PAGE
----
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Gavin Davidson and Gerard Leavey
This article provides an overview of the literature on the impact of ‘the Troubles’ on mental health in Northern Ireland. It identifies three main phases of professional…
This article provides an overview of the literature on the impact of ‘the Troubles’ on mental health in Northern Ireland. It identifies three main phases of professional and policy response from concerns about the effects of the violence in the early 1970s, through many years of collective denial and neglect, until acknowledgment, following the Good Friday Agreement in 1998 (Northern Ireland Office, 1998), of high levels of trauma and unmet need. The issues of inequality and stigma are also considered and it is argued that peace is necessary but insufficient for promoting mental health. The development of mental health services in Northern Ireland and the relatively recent focus on promoting mental health are also outlined and examined. It is suggested that attempts to address the needs arising as a result of ‘the Troubles’ and more general mental health promotion strategies have, to some extent, developed in parallel and that it may be important to integrate these efforts. The relative under‐development of mental health services, the comprehensive Bamford Review (2005; 2006) and the positive approach of the Public Health Agency mean that, even in the current economic climate, there are great opportunities for progress. Routine screening, in primary care and mental health services for trauma, including Troubles‐related trauma, is recommended to identify and address these issues on an individual level. It is also argued, however, that more substantial political change is needed to effectively address societal division, inequality and stigma to the benefit of all.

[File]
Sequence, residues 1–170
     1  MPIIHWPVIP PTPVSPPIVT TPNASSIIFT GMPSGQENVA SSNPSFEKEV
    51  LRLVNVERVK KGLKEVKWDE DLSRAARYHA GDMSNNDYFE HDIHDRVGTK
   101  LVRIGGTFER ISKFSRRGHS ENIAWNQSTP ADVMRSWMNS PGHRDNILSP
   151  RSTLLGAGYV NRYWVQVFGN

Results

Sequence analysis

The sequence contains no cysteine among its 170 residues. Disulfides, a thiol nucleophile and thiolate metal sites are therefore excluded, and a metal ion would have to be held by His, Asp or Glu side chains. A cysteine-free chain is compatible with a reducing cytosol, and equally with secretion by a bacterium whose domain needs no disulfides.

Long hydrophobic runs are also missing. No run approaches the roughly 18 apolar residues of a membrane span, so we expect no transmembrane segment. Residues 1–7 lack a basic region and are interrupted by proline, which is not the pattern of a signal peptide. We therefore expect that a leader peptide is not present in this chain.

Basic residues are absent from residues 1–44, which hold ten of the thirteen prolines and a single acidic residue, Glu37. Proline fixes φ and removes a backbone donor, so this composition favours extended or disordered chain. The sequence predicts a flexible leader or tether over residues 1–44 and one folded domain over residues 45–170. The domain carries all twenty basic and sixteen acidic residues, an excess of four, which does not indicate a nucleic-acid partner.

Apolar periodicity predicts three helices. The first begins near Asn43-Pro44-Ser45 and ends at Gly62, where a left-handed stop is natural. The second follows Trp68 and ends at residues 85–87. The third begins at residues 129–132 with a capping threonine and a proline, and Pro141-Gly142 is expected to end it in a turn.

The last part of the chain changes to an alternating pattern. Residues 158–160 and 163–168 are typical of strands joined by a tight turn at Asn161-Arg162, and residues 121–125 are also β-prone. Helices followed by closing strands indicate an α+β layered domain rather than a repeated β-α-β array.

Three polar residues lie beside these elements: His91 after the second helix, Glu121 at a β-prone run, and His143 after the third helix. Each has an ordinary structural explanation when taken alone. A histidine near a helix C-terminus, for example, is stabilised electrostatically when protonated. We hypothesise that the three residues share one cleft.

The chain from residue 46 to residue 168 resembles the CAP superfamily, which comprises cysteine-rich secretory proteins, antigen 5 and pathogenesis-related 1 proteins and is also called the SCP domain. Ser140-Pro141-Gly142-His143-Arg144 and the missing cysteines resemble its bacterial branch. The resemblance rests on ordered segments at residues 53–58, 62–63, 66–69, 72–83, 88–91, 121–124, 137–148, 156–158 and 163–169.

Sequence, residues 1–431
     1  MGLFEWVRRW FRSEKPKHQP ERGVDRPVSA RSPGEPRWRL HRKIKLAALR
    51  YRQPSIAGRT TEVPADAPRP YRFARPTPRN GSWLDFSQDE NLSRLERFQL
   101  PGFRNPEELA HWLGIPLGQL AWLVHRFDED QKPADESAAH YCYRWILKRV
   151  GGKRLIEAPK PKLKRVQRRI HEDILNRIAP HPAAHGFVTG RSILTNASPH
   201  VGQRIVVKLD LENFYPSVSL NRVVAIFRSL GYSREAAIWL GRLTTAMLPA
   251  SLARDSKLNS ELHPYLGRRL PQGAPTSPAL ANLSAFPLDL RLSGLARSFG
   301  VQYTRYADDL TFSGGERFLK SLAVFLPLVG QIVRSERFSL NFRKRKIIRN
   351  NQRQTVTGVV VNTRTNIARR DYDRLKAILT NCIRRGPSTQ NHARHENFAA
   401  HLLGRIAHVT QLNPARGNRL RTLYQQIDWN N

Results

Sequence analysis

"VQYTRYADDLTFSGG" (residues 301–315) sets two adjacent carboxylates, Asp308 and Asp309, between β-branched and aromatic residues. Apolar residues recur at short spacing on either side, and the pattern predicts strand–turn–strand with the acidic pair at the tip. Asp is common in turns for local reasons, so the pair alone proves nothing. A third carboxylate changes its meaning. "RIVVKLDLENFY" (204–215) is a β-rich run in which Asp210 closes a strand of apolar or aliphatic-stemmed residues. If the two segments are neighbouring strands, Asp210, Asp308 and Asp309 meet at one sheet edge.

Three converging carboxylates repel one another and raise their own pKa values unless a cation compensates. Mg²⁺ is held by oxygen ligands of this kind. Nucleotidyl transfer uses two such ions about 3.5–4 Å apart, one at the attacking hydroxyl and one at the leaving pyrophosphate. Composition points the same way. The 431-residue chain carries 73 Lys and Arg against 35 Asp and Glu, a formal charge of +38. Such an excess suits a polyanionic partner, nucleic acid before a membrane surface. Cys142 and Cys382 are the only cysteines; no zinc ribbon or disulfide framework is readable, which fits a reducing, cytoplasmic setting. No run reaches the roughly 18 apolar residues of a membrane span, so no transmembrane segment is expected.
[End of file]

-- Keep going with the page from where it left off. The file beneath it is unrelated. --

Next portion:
Despina Rothi and Gerard Leavey
Mounting evidence of a crisis in mental health care for young people has underlined the need for early and better recognition of mental health difficulties in children…
Mounting evidence of a crisis in mental health care for young people has underlined the need for early and better recognition of mental health difficulties in children. Recent policy suggests that schools and teachers must play a pivotal role in smoother pathways to care. This will necessitate enhanced working relationships between schools and child and adolescent mental health services (CAMHS). However, there is little understanding as to how teachers and mental health professionals currently relate to one another or what difficulties undermine ‘joined up’ care. In this study we examine current systems of collaboration between schools and child and adolescent mental health services, paying particular attention to relationships between schoolteachers and mental health professionals. Data was collected using semi‐structured, in‐depth interviews. Our findings indicate deep‐seated barriers to good collaboration. Moreover, teachers experience significant frustration through feeling excluded from the mental health care management of children despite being affected professionally by such decisions taken, the delays to intervention and poor communication between agencies. Interprofessional trust and mutual suspicion emerged from these interviews as an over‐arching factor. The implications arising from expectations for greater inter‐agency collaboration are discussed.
Lee Knifton and Isabella Goldie